Verdi' s campaign against the extension of shop opening hours was supported by a number of Catholic and Protestant church organisations, which also signed a call to participate at a rally against the bill on 9 March 2003 in Berlin. Like ver.di, they regard the extension of shop opening hours on Saturdays as a further step towards eroding the Shop Closing Hours Act and its rather strict limits on Sunday trading.

The ver.di campaign and the protest of 20,000 shop workers at the rally on 9 March could not prevent the adoption of the bill. The concerns of retail employees were only partly met with the new entitlement to one Saturday off per month.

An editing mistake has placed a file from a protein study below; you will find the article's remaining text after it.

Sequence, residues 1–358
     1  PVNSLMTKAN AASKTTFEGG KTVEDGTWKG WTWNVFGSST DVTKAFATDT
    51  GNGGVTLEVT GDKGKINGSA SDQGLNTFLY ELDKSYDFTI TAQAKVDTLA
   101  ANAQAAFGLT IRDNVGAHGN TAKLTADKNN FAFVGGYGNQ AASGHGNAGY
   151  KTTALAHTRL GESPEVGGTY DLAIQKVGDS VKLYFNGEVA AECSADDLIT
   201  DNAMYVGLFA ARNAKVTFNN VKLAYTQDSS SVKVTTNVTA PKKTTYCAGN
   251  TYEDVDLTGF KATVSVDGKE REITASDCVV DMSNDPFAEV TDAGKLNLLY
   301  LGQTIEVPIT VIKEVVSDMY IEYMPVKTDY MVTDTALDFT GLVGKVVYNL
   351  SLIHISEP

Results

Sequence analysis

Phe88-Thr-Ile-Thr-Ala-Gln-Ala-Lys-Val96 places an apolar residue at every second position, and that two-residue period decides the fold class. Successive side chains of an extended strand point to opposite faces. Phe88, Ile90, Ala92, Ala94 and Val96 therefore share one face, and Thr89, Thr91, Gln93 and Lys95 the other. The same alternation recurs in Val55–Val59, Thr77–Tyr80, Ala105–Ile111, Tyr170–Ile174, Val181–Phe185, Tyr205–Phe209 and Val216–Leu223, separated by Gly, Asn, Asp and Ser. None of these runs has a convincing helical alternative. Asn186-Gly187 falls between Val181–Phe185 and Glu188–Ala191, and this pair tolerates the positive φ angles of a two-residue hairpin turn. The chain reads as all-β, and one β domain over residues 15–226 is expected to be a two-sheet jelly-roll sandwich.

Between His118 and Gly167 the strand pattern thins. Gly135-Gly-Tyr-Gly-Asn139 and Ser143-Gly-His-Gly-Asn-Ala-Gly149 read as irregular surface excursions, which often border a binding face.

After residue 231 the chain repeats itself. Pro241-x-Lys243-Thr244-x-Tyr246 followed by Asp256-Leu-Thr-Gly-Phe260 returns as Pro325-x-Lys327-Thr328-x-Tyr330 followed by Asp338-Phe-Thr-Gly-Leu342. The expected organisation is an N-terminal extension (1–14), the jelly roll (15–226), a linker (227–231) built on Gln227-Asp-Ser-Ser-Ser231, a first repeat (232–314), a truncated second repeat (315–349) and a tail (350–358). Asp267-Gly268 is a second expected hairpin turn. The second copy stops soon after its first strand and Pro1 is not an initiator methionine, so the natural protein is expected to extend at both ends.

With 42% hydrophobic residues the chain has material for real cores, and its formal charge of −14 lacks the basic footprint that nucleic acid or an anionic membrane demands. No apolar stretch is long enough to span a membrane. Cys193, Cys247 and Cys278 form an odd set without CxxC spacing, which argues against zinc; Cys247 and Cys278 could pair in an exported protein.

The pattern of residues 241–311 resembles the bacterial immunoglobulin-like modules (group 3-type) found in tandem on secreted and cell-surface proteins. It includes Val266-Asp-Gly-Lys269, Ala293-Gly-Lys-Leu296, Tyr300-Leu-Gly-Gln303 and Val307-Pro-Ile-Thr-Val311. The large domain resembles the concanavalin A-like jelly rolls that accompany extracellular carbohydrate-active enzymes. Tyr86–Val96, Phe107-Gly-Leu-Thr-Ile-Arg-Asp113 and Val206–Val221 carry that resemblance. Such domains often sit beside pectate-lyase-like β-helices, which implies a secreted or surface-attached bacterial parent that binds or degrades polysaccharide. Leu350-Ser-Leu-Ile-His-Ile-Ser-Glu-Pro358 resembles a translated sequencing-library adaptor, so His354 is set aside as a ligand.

Most of the media were more in favour of the arguments of the government and the employers' associations and welcomed the extension of shop opening hours as a step towards more consumer convenience and shopping flexibility.

Implications for collective agreements

The extension of opening hours on Saturdays is likely to have an effect on a number of collective agreements. Employers have given notice that they want to terminate all bonus pay for working unsocial hours on Saturdays. These bonus payments were agreed after the last extension of shop opening hours in 1996, and entitle employees working on Saturdays to bonus pay for the hours from 14.00 to 16.00. Employers now claim that working on Saturdays can no longer be regarded as any different from working on Mondays to Fridays and therefore no longer justifies any particular bonus. Ver.di strongly opposes this view. It remains to be seen what will be agreed when the collective agreements concerned are renegotiated in the near future.